Prenatal inflammation impairs intestinal microvascular development through a TNF-dependent mechanism and predisposes newborn mice to necrotizing enterocolitis

Yan, X.; Managlia, E.; Tan, X. D.; De Plaen, I. G.

Am J Physiol Gastrointest Liver Physiol. 2019 May 28; 317(1):G57-g66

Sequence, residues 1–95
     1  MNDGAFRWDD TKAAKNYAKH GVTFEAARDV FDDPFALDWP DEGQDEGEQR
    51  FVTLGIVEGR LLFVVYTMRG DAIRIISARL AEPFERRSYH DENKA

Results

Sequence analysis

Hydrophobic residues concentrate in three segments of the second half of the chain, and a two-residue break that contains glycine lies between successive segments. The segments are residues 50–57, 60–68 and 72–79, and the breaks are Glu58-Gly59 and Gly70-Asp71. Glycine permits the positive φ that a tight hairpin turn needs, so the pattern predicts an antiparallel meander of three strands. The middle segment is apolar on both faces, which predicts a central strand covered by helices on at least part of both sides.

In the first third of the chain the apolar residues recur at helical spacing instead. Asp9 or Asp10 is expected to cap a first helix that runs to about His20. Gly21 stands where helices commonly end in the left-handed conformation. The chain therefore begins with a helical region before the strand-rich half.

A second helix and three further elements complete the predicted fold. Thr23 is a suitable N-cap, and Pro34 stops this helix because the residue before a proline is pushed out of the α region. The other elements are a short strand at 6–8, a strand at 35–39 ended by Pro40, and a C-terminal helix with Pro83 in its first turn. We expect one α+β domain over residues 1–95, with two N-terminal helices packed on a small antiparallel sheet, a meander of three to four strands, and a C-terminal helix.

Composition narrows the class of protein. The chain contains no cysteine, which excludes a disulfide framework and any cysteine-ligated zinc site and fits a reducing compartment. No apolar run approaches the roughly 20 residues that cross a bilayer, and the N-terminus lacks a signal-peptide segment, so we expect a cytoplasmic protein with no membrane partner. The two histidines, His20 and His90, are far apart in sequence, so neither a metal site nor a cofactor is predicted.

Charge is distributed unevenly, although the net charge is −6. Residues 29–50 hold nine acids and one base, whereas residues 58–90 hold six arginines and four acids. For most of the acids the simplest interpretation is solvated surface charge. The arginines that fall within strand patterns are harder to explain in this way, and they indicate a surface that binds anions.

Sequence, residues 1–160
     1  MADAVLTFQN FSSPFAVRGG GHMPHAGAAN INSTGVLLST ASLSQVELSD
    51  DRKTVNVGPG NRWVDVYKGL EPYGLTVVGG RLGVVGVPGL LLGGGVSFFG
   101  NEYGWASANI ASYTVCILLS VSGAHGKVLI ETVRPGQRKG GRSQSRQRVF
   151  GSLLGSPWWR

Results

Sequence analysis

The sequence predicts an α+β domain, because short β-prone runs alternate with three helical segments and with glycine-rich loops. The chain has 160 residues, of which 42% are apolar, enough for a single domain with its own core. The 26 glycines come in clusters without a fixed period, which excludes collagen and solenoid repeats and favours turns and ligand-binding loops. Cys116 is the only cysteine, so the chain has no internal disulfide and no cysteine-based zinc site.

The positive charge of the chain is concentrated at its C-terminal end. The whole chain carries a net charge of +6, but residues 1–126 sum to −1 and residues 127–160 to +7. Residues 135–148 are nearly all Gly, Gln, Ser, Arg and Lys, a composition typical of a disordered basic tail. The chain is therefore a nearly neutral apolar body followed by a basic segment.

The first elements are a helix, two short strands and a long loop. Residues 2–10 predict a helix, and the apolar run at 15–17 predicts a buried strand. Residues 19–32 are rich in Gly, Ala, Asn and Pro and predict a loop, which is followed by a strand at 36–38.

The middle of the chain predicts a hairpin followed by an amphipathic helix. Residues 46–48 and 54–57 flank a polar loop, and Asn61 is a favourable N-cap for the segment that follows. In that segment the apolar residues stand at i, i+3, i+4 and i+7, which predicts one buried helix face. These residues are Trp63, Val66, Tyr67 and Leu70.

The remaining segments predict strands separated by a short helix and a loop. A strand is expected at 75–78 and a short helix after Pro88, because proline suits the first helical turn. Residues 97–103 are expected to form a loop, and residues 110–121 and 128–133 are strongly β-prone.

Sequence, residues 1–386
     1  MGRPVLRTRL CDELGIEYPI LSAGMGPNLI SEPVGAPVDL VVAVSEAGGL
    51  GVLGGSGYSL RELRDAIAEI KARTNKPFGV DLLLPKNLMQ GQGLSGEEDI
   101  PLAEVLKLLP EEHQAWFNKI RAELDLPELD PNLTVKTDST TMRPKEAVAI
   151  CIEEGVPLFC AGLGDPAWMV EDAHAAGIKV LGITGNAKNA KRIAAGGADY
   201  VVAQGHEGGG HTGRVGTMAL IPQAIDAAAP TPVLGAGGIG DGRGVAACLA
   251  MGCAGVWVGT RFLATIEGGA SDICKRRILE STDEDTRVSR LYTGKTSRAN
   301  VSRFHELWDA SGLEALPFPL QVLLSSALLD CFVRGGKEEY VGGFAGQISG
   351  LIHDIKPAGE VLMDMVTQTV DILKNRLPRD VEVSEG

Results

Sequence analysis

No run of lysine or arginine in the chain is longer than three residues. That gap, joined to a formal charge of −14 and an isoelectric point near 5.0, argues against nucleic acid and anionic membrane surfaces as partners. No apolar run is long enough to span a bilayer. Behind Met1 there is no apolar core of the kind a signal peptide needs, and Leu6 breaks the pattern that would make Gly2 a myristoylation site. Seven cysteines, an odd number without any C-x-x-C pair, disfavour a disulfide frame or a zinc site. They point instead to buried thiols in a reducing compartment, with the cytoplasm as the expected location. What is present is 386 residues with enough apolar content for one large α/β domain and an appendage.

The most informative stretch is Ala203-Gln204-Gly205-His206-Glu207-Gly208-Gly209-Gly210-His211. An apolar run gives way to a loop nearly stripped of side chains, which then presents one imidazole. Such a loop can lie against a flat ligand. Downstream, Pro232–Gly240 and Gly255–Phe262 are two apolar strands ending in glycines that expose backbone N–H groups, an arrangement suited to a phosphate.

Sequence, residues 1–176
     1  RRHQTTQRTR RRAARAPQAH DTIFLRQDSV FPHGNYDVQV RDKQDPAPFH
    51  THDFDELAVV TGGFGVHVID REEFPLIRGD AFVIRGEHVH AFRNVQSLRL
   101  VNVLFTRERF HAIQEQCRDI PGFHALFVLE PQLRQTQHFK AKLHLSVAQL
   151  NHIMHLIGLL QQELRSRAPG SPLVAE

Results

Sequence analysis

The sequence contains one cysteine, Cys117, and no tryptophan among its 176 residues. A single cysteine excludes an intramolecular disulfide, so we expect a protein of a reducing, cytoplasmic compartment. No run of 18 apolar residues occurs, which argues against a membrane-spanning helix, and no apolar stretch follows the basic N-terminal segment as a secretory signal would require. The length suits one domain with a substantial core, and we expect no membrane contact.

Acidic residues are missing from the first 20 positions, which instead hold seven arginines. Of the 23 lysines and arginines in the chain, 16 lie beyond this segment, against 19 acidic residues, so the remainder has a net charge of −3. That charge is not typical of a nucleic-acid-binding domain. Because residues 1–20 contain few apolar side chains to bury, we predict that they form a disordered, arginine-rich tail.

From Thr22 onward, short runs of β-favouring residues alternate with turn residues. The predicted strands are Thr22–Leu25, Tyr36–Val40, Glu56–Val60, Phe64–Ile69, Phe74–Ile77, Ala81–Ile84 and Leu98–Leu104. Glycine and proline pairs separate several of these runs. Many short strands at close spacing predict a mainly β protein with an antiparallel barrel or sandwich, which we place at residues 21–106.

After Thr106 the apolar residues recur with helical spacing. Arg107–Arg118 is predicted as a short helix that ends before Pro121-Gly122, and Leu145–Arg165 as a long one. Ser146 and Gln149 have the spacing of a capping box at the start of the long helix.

Prenatal inflammation is a risk factor for necrotizing enterocolitis (NEC), and it increases intestinal injury in a rat NEC model. We previously showed that maldevelopment of the intestinal microvasculature and lack of vascular endothelial growth factor (VEGF) receptor 2 (VEGFR2) signaling play a role in experimental NEC. However, whether prenatal inflammation affects the intestinal microvasculature remains unknown. In this study, mouse dams were injected intraperitoneally with lipopolysaccharide (LPS) or saline at embryonic day 17. Neonatal intestinal microvasculature density, endothelial cell proliferation, and intestinal VEGF-A and VEGFR2 proteins were assessed in vivo. Maternal and fetal serum TNF concentrations were measured by ELISA. The impact of TNF on the neonatal intestinal microvasculature was examined in vitro and in vivo, and we determined whether prenatal LPS injection exacerbates experimental NEC via TNF. Here we found that prenatal LPS injection significantly decreased intestinal microvascular density, endothelial cell proliferation, and VEGF and VEGFR2 protein expression in neonatal mice. Prenatal LPS injection increased maternal and fetal serum levels of TNF. TNF decreased VEGFR2 protein in vitro in neonatal endothelial cells. Postnatal TNF administration in vivo decreased intestinal microvasculature density, endothelial cell proliferation, and VEGF and VEGFR2 protein expression and increased the incidence of severe NEC. These effects were ameliorated by stabilizing hypoxia-inducible factor-1alpha, the master regulator of VEGF. Furthermore, prenatal LPS injection significantly increased the incidence of severe NEC in our model, and the effect was dependent on endogenous TNF. Our study suggests that prenatal inflammation increases the susceptibility to NEC, downregulates intestinal VEGFR2 signaling, and affects perinatal intestinal microvascular development via a TNF mechanism. NEW & NOTEWORTHY This report provides new evidence that maternal inflammation decreases neonatal intestinal VEGF receptor 2 signaling and endothelial cell proliferation, impairs intestinal microvascular development, and predisposes neonatal mouse pups to necrotizing enterocolitis (NEC) through inflammatory cytokines such as TNF. Our data suggest that alteration of intestinal microvascular development may be a key mechanism by which premature infants exposed to prenatal inflammation are at risk for NEC and preserving the VEGF/VEGF receptor 2 signaling pathway may help prevent NEC development.

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